To Merge or Not to Merge: That is the Question

Do you have any idea when it will be time to consider a merger between fire departments in order to provide better fire protection for your community? Let me suggest that the first step comes when you look around and finally notice the true state of...


Do you have any idea when it will be time to consider a merger between fire departments in order to provide better fire protection for your community? Let me suggest that the first step comes when you look around and finally notice the true state of affairs in your fire department. Where are the people and where are the fire trucks? I noted this phenomenon at a recent multiple-alarm fire.
 
Compared to the crowds we encountered at a major fire, there were really a lot fewer people than there once might have been. But how will you really know when it is your turn?  Let me suggest that some form of a learning curve is involved here. We need to study the new reality in our communities and come up with ways to keep the fire trucks rolling with enough people to get the job done properly and safely. I am speaking of population growth (or loss). I am referring to new construction (or the lack thereof). 
 
Let me now suggest to you that with a bit of luck, each of us gets to learn something new every day. Sometimes a couple of new facts scamper up to us and we are able to absorb them in a calm and non-threatening manner. However, there are those situations where the new knowledge comes crashing down on your head like a building collapsing after being ravaged by fire.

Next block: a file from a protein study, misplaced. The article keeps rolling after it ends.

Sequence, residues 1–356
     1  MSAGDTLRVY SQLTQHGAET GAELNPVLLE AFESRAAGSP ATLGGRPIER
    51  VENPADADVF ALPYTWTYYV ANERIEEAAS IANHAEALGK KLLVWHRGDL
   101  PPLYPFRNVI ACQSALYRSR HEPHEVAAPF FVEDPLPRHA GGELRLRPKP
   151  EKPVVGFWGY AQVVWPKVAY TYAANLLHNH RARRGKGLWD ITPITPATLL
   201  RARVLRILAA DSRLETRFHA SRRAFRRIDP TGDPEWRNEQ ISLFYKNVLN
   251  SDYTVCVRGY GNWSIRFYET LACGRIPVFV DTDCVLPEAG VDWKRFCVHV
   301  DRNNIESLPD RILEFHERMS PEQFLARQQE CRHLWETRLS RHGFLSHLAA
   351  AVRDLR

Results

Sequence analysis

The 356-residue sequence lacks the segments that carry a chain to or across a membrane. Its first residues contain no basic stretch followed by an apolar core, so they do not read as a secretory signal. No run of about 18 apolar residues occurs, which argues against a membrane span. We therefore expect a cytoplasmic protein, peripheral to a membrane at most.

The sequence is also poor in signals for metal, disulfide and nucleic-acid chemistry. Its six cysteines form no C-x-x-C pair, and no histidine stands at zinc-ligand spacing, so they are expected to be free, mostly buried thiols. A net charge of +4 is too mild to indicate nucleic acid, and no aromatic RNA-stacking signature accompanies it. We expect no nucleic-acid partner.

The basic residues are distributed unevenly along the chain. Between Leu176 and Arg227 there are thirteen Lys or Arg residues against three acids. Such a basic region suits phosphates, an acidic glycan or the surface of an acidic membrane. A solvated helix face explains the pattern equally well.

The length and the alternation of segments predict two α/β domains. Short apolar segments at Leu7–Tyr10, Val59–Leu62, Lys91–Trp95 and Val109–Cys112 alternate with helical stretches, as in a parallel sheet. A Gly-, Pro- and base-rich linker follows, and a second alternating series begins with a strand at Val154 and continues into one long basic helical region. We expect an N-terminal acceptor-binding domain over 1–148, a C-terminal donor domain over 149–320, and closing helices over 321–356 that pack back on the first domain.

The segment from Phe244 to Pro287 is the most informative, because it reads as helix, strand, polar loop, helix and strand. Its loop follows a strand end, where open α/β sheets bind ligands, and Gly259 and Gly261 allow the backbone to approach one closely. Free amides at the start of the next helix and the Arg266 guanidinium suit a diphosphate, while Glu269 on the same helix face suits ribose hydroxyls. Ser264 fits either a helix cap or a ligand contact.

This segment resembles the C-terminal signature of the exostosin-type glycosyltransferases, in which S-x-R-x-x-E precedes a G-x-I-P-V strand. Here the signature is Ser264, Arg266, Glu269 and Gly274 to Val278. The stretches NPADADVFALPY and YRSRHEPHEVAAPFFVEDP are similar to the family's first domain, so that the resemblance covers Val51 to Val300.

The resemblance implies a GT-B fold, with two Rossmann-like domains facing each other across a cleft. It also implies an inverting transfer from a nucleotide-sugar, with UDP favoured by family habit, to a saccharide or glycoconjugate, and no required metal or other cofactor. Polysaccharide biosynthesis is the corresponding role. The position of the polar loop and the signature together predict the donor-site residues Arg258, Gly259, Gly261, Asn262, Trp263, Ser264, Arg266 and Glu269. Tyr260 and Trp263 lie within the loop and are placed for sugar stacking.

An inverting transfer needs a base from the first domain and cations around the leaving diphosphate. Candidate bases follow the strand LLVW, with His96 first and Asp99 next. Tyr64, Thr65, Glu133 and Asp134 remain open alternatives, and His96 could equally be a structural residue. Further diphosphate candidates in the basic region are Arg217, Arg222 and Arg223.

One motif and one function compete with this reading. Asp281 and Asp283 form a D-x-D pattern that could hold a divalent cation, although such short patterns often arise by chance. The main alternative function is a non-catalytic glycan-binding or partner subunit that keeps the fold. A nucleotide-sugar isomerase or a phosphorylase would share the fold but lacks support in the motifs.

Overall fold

The other day, I had one of those moments when a sneaky little bit of knowledge came into my life at the local food store where I have shopped for nearly 40 years now. I was chatting with a long-time buddy from the Freehold Fire Department. He and I spent a great deal of time discussing a number of pressing issues facing their 138-year-old volunteer fire department. I will not bother you with all of the details, but I can assure you that they are experiencing some changes that are truly life altering.
 
As we were parting, my friend said to me that he too had recently learned something new. When I asked him to share it with me it came down to a very simple, but quite logical statement. He told me that, "…there are many people who tell you that they are all in favor of progress, as long as it does not involve change." What a telling bit of advice that is. People are all for ideas, as long as they are not bothered by having to change their way of doing business.
 
Let me assure you that there are many topics within the fire service that are strictly lightning rod issues. In each case you will hear people tell you that they are all in favor of the progress which new equipment, methods, and procedures will bring. Then when the changes necessary to achieve this progress are outlined, by golly, they attack them like there is no tomorrow. So it is with the idea of merging fire departments.
 
Let me assure you that you can always count on me not to shy away from issues that have that sort of effect. Life is always throwing a new set of challenges to us poor fire service types. You cannot always continue doing things like your ancestors did when they joined your fire department back in the 1940's and 1950's. Times change and society evolves. These things do not always happen for the better.
 
There is an issue out there in the world right now which is critical to the future success of our fire service. It involves the concept of merging fire departments and their operations. Perhaps my words to you in this commentary will be popular and maybe they will incite anger amongst many of you. Unfortunately, someone has to step up to the plate and say what needs to be said. 
 
My record on combining, merging, and sharing services goes back quite a number of years. Many years ago my firm provided advice to a number of communities around the State of New Jersey. I believe that a number of such tidbits of advice were offered in the mid to late 1990's. Basically I was recommending the creation of what I called "Regional Fire Authorities."
 
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